Around 30,000 shop floor workers have cleared the latest hurdle in their equal pay challenge against their supermarket employer, as a result of the Court of Appeal’s decision in ASDA v Brierley. The case is spearheading a wave of equal pay claims against supermarket employers, with female claimants arguing they are entitled to equal pay with male depot colleagues. The trend looks set to spill beyond the confines of the supermarket aisle to other retailers and quite possibly beyond. Given that historically mass equal pay litigation has been mainly public sector focussed this is likely to be new territory for many private sector organisations. We take a look at what steps your business can take to determine if it is vulnerable, why it matters and what steps it can take to best protect itself.
Under the Equality Act 2010, women are entitled to equal pay with men who carry out the same /similar work, work rated as equivalent under a job evaluation scheme (JES) or work of equal value. Based on the pattern of supermarket cases to date, it is organisations where there are predominantly male and female dominated roles who are the most likely target of mass claims, if one group earns more than the other in pay, allowances and other bonuses.
The connection between the roles of potential claimants and comparators will not always be obvious. They may be carried out at different locations, by employees in different divisions and under separately negotiated terms. However, a claimant can compare themselves to a comparator at a different location if the comparator’s terms would be the same if he worked at the same location as the claimant. This is the case even if the claimant and comparator would never work at the same location due to the practical requirements of their roles.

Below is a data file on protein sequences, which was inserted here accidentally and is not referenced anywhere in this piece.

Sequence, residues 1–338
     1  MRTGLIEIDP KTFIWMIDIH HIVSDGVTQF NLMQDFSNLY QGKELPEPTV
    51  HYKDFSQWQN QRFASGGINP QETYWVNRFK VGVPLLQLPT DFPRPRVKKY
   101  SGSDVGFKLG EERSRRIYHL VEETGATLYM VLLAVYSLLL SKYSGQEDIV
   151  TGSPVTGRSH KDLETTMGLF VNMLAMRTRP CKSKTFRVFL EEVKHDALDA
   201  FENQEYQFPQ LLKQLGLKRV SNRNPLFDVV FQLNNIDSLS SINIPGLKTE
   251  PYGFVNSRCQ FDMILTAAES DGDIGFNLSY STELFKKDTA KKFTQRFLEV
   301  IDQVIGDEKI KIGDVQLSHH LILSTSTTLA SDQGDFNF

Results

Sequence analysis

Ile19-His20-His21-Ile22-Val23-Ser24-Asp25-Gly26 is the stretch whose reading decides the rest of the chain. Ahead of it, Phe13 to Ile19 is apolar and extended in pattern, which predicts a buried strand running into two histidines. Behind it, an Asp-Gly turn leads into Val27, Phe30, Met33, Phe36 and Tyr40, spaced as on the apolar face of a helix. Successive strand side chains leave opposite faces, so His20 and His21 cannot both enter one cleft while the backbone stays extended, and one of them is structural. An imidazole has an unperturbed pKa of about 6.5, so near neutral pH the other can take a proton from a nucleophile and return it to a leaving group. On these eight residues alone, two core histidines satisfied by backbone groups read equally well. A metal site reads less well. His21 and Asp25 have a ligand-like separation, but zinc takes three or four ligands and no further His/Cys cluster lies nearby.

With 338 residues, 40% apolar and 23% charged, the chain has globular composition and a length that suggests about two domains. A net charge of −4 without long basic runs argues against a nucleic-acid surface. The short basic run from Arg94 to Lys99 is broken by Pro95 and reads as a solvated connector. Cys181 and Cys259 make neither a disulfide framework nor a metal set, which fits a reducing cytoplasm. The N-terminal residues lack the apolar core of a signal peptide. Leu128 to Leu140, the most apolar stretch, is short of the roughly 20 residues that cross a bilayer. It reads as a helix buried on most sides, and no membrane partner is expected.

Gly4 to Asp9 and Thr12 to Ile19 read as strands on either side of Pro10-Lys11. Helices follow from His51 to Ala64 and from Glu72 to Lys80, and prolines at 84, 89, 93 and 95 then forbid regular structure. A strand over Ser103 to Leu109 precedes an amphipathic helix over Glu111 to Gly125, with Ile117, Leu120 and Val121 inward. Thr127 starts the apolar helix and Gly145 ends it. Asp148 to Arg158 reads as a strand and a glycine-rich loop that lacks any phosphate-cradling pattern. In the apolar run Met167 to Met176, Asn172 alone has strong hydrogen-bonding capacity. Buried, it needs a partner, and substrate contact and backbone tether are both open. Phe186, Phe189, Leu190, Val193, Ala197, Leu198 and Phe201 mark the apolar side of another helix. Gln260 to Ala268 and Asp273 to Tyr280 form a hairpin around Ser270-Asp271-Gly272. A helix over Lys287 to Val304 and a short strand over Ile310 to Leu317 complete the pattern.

Further, in Brierley, the fact that the claimants’ pay is set by a board committee and comparators’ by depot management as part of a collective bargaining process is trumped by the fact that it is the Executive board, a “single-source” who can review and change the pay of both groups if necessary.
If you do identify gender segregated roles within your workforce with a pay disparity, claimants must be carrying out work of “equal value” with their comparators in order to succeed. Determining “equal value” is notoriously difficult. A points based system is often used, awarding points to factors such as mental skills, physical effort, initiative & independence and knowledge. If the jobs are scored the same (or similar) they are of equal value. The process is similar to a JES and indeed, a valid JES gives an employer an automatic defence to an equal value claim if the claimant and the comparator have been graded differently under the JES. Employers concerned about equal pay exposure could therefore implement such a scheme or, for a more light-touch approach, carry out an equal pay audit or job benchmarking exercise which will give an indication of whether roles may be of “equal value” or not.
These types of exercises also give an employer an opportunity to document any rationale for pay discrepancies. This is helpful as, even if equal value is established, employers have the opportunity to explain that differences in pay are not because of sex. We understand for example that ASDA justifies the pay difference on the basis that depot employees work anti-social hours in uncomfortable conditions but it is yet to be seen whether the Court agrees with this and whether it is a proportionate way of ASDA achieving its aims.
The repercussions for employers who unsuccessfully defend such claims are huge. Claimants are entitled to five years’ back pay (six in England) and equal pay going forward. For employers who do identify an exposure, there are a number of robust options, including equalising pay or implementing pay protection, but these come with their own challenges. Softer measures, such as encouraging employees into roles dominated by the other sex, are also likely to assist on a longer term basis and may form part of a wider gender pay gap strategy. Having transparent pay, bonus and promotion policies also helps take the heat out of the situation. We have found that employees who properly understand the remuneration structure and reasons for any difference are less likely to suspect discrimination and take legal action.